- Kimbilio on BLACK ENTERPRISE
- Kimbilio in The DETROIT NEWS
- KIMBILIO IN POETS & WRITERS
- KIMBILIO ON BK LIVE!
- Kimbilio in the DMN
- Kimbilio in the NYT
A Group of Black Writers Are Going To This Country To Get Inspired Again
by Safon Floyd Posted: July 19, 2016
Kimbilio, a community of writers and scholars committed to developing, empowering, and sustaining fiction authors from the African diaspora and their stories, hosts an annual retreat for writers of color to read, write, and learn from each other.
A project of the English Department and The Dedman College of Humanities & Sciences at Southern Methodist University (SMU), the Kimbilio Retreat is seven days in which selected fellows and faculty gather in the Carson National Forest to work and share, held each July on the Taos campus of SMU.
Read the rest of the article on the Black Enterprise Website
Nurtured scribes laud writers’ haven
Author Desiree Cooper says newcomers to the annual Kimbilio Fiction retreat for African-American writers “talk like they’ve been on a lifeboat and they’re just trying to hold on until they can find that place that keeps them safe.”
David Haynes, a novelist and professor of English at Dallas’ Southern Methodist University, established Kimbilio in 2013 as a means of providing networking, educational and professional advancement opportunities for emerging African-American writers. The organization has since amassed a network of 60 fellows; held three writers’ retreats in Taos, New Mexico, and initiated a nationwide series of reading events featuring its fellows. Kimbilio’s next reading event will be Wednesday at Pages Bookshop, featuring fellows Cooper, Angela Flournoy and Cole Lavalais.
Haynes says the organization’s name was derived from a Swahili word meaning “safe haven.”
“For so many writers of color, traditional retreats or traditional M.F.A. programs or various other support networks have not always been welcoming and safe places,” Haynes says. “That’s been one of the real drivers behind creating spaces where we can grow and learn as a community, and really develop important and necessary mutual support networks.”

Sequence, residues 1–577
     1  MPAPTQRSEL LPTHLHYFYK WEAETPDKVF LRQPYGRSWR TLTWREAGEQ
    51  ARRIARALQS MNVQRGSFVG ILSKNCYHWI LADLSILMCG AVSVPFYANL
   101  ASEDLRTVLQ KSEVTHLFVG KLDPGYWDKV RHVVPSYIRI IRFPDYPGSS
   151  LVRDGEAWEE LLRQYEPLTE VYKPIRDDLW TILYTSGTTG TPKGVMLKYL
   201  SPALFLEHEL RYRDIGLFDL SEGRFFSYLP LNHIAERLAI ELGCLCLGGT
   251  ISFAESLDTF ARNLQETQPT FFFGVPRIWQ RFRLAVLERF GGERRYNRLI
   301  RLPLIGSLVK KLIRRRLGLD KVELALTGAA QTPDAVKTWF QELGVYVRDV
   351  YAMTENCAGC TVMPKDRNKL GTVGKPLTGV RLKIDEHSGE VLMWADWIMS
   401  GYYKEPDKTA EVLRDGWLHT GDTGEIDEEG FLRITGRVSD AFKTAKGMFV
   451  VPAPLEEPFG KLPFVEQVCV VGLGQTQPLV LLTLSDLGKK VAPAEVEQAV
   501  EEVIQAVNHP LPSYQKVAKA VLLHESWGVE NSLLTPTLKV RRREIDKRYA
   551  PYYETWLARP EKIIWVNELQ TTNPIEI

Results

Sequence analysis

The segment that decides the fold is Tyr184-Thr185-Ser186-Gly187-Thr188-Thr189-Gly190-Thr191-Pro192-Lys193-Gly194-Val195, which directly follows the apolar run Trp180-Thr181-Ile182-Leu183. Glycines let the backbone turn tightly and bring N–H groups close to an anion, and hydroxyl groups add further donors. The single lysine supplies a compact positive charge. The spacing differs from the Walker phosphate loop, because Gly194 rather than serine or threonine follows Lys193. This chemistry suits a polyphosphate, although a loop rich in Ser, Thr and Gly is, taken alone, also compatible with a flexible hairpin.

Read the rest of the article here: Nurtured Scribes
Fellows and faculty at the 2015 Kimbilio Retreat in Taos, New Mexico.
Photo Credit: Jason Harris
Kimbilio Nurtures Black Writers
While Cave Canem’s annual retreat for African American poets has been changing the literary landscape for the past twenty years, the writing community has lacked a similar resource for African American fiction writers. That is, it did until 2013, when writers David Haynes and Sanderia Smith launched the Kimbilio Retreat. Now in its third year, the retreat is held annually in Taos, New Mexico, and is dedicated to supporting and empowering black fiction writers from America and the greater African diaspora.
After acquiring funding from the English department of Southern Methodist University (SMU), where Haynes teaches, Haynes and Smith met with the leadership of Cave Canem, as well as with other peer organizations serving writers of color, such as Kundiman and CantoMundo, to develop their retreat model: a week of workshops, classes, and time to write for a small group of fellows. The two cofounders then relied on their network of African American fiction writers to recruit applicants, faculty members, and application judges. Victor LaValle and Emily Raboteau joined the advisory board during the planning stages, in 2012, and ZZ Packer and Dolen Perkins-Valdez came on as instructors for the inaugural retreat in July 2013.
Read the rest of the article here: Kimbilio in Poets & Writers, or in the March/April print edition of Poets & Writers
Suddenly, the old guard’s oft-repeated line that people of color don’t read, that they don’t submit, that their work isn’t up to snuff was being widely and publicly debunked by workshops run by programs like Kimbilio, Voices of Our Nation Arts Foundation and the Asian-American Writers’ Workshop.
Read the full article here: http://www.nytimes.com/2015/04/12/magazine/the-radical-vision-of-toni-morrison.html?_r=1